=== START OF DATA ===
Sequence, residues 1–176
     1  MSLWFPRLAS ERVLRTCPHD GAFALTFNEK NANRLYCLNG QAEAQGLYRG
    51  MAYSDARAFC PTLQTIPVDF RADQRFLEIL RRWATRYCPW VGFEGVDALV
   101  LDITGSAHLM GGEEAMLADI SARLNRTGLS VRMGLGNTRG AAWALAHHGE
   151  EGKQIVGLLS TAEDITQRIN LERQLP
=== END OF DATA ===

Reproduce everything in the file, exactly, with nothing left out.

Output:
Sequence, residues 1–176
     1  MSLWFPRLAS ERVLRTCPHD GAFALTFNEK NANRLYCLNG QAEAQGLYRG
    51  MAYSDARAFC PTLQTIPVDF RADQRFLEIL RRWATRYCPW VGFEGVDALV
   101  LDITGSAHLM GGEEAMLADI SARLNRTGLS VRMGLGNTRG AAWALAHHGE
   151  EGKQIVGLLS TAEDITQRIN LERQLP